P226
Death, materiality and the person in Afro-Caribbean religions

Convenors:
Diana Espirito Santo (Pontificia Universidad Católica de Chile)
Ana Stela Almeida Cunha (CRIA)
Discussant:
Roger Sansi-Roca (Goldsmiths)
Location:
Tower A, Piso 3, Room 302
Session slots:
3

Short abstract:

This panel will seek to examine materiality as a constitutive aspect of self, namely, through the lens of death. The question we will be specifically raising is how to relate the materiality of death practices and traditions to understandings of personhood in Afro-Caribbean religions.

Long abstract:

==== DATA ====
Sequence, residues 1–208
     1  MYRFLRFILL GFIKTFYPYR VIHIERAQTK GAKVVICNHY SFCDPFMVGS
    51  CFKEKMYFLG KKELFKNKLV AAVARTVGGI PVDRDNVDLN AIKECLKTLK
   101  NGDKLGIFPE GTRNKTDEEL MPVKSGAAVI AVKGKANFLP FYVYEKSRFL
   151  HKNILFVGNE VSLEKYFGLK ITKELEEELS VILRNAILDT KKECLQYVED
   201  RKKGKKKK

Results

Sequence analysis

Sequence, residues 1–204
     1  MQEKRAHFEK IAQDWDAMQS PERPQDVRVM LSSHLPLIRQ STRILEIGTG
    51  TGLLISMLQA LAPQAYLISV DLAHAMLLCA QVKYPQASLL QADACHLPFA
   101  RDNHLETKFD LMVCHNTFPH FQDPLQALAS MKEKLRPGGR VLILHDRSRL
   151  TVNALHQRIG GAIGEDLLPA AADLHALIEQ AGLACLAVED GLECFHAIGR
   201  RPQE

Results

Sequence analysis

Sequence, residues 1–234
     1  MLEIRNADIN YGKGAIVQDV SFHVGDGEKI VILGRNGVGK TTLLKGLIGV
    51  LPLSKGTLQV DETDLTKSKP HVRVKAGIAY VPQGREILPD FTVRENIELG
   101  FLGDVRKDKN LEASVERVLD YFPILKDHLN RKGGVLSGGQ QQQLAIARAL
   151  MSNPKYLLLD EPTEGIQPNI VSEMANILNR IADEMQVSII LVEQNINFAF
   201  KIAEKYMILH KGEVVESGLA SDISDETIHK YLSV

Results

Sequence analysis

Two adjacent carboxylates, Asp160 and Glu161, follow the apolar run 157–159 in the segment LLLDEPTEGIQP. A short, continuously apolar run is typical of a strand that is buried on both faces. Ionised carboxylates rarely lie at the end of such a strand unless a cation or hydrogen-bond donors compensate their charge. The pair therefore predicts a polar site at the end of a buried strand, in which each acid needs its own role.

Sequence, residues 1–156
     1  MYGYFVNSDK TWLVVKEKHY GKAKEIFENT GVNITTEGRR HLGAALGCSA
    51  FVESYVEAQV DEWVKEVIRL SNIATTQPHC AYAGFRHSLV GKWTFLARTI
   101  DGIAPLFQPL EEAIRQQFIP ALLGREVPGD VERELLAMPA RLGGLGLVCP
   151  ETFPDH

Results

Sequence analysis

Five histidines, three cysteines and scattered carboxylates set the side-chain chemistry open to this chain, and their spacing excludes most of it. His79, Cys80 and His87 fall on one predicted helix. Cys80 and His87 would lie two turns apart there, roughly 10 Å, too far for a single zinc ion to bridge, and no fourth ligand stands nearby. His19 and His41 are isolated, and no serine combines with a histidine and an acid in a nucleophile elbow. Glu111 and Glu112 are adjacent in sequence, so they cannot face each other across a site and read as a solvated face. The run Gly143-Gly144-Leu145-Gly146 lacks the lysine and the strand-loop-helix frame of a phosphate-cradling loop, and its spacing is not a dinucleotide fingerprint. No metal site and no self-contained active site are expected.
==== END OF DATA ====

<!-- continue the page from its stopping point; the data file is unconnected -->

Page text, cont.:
Anthropologists such as Maurice Bloch (1988) remind us that our ethnographic difficulties in grappling with themes relating to death in the different societies we study may owe more to Western 'punctual' understandings of death than to problems of translation. Underlying concepts of death and dying are not just specific views of growth, demise and renovation, but assumptions regarding the nature and constitution of persons. While in societies dominated by a notion of a self-enclosed individual the barrier between life and death is unambiguous, in others this separation is softened by radically alternative understandings of the person and the distribution of his or her agency in space and time. In this panel we are interested in examining the role of the material culture of death in expressing, mediating, and creating forms of personhood that subvert life/death boundaries, particularly in religious practices associated with African influences, such as Candomblé, Santería, and Vodoun. In many forms of Afro-Caribbean religion the category of 'death' or 'the dead' already implies a life, of sorts. The spirits of the deceased may be remembered and cared for via the manipulation of certain objects, representations or gifts, but may also become 'materialized' in and through these objects, gaining in presence or potency in the process. Matter is, to many such practitioners, creative of spirit forms, not simply reflective of them, which invites us to question purely representationalist views of the death 'object'.